Punjab’s farmers are grappling with labour-related points in the course of the ongoing paddy-sowing season. Their losses are more likely to go up this 12 months as a pointy rise within the enter price is imminent.
“This time, paddy-sowing is quite challenging in view of the pandemic and the lockdown. We have to welcome returning migrants with garlands and sweets. The Central and state governments, besides farmers, should learn a lesson to counter such problems in future effectively,” says Rajpal Singh, a farmer from Mangwal village in Sangrur district.
Though many different farmers have introduced migrants again on particular buses from Bihar and Uttar Pradesh, Rajpal employed native labour at greater charges. Taking benefit of the exodus of migrants from Punjab to their native states, the native labourers have elevated their charges for paddy-sowing.
“Till last year, the per-acre rates of local labour were between Rs 2,500 and Rs 3,000, but this year these have increased to Rs 4,500-6,500 per acre,” stated Darshan Singh, a farmer from Majhi village.
Panchayats of many villages throughout the state have handed resolutions to repair wages of labourers, inflicting resentment amongst Dalit organisations.
“It’s wrong on the part of the panchayats to pass such illegal resolutions as labourers have the right to demand higher wages. It has become an ‘upper caste vs Dalit’ situation in many villages. The Punjab Government should take action against the panchayats which have passed such resolutions,” says Mukesh Malaud, zonal president of the Zameen Prapati Sangharsh Committee.
Some farmers employed rickshaw-pullers, rehriwalas and labourers who work within the non-farming sector as they charged lower than the native labour.
But the scarcity of labour has labored to the benefit of the Punjab Agriculture Department as a big variety of farmers have proven curiosity within the direct seeding of rice (DSR) this 12 months. A cross-section of the farmers admits that earlier they didn’t favor DSR as labour was accessible simply they usually had opted for the traditional strategy of handbook sowing of paddy.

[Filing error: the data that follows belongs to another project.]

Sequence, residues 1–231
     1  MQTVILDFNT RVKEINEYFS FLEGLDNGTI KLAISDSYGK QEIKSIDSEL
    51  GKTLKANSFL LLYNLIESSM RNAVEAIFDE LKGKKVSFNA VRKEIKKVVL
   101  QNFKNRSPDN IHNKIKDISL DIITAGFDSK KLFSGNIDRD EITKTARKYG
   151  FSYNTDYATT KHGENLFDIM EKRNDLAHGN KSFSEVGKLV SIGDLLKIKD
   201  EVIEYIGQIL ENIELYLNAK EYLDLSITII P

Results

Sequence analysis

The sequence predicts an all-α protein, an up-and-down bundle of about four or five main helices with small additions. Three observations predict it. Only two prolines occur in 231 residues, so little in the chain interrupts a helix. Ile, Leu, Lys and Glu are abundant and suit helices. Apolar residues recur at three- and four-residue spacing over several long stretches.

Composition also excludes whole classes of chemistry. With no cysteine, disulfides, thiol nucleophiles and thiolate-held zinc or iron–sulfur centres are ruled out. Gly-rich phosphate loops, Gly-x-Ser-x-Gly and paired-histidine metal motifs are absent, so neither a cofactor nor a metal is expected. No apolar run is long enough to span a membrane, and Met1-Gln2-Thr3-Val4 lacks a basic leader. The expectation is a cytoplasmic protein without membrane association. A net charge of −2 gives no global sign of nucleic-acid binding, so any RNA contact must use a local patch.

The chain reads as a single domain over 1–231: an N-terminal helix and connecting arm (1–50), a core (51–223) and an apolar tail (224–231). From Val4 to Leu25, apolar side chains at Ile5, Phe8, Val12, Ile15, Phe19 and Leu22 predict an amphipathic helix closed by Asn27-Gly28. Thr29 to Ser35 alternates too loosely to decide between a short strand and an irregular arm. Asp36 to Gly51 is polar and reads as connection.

“Officers of the Agriculture Department have been trying to promote DSR for the past many years. Despite knowing that it is cost-effective and helps in saving water, I did not use it. But this year, I have tried it as I did not want to get blackmailed by local labour,” says Karnail Singh, a farmer from Sunam.
“I tried to opt for DSR, but did not get a machine. The state government should address the shortage of machines,” says Deep Singh of Kanoi village.
The scarcity of labour and DSR machines has delayed the sowing of paddy in lots of villages. At some locations, farmers have take mortgage at greater charges to pay to the native labour. But there are numerous farmers who couldn’t prepare cash from banks or personal lenders they usually needed to borrow it from their kin.
“Covid-19 has made things worse for us. Though earlier also we faced financial problems, this year the situation is alarming. To arrange money for paddy transplantation, I had to borrow money from two of my relatives, who are doing government jobs. But they will also charge interest,” says Gurmeet Singh, a farmer from Bhawanigarh.
The hike within the value-added tax (VAT) on retail gasoline has raised petrol and diesel costs. It has additional angered farmers of Punjab they usually have demanded rapid rollback.
“Punjab’s farmers were already under a huge debt and Covid-19 has been back-breaking. But the government still wants to earn more by increasing VAT. The latest hike shows that the government has no sympathy for farmers,” alleges Sukhdev Singh Kokri Kalan, common secretary, BKU (Ugrahan).
“The labour shortage created problems for farmers, but we provided them DSR machines on subsidy. We are redressing farmers’ complaints,” says Sutantar Kumar Airi, Director, Agriculture.